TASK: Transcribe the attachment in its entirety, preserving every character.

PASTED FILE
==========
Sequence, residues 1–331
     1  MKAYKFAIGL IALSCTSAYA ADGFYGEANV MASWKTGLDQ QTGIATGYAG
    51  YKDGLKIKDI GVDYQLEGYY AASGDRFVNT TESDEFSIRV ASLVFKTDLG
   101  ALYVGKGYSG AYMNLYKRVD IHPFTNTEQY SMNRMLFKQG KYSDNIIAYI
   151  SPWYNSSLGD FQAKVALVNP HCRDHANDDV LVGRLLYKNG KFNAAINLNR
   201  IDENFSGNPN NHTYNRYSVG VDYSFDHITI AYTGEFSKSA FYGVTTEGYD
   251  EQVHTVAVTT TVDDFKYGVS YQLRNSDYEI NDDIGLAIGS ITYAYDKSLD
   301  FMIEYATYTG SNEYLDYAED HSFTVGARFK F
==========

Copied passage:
Sequence, residues 1–331
     1  MKAYKFAIGL IALSCTSAYA ADGFYGEANV MASWKTGLDQ QTGIATGYAG
    51  YKDGLKIKDI GVDYQLEGYY AASGDRFVNT TESDEFSIRV ASLVFKTDLG
   101  ALYVGKGYSG AYMNLYKRVD IHPFTNTEQY SMNRMLFKQG KYSDNIIAYI
   151  SPWYNSSLGD FQAKVALVNP HCRDHANDDV LVGRLLYKNG KFNAAINLNR
   201  IDENFSGNPN NHTYNRYSVG VDYSFDHITI AYTGEFSKSA FYGVTTEGYD
   251  EQVHTVAVTT TVDDFKYGVS YQLRNSDYEI NDDIGLAIGS ITYAYDKSLD
   301  FMIEYATYTG SNEYLDYAED HSFTVGARFK F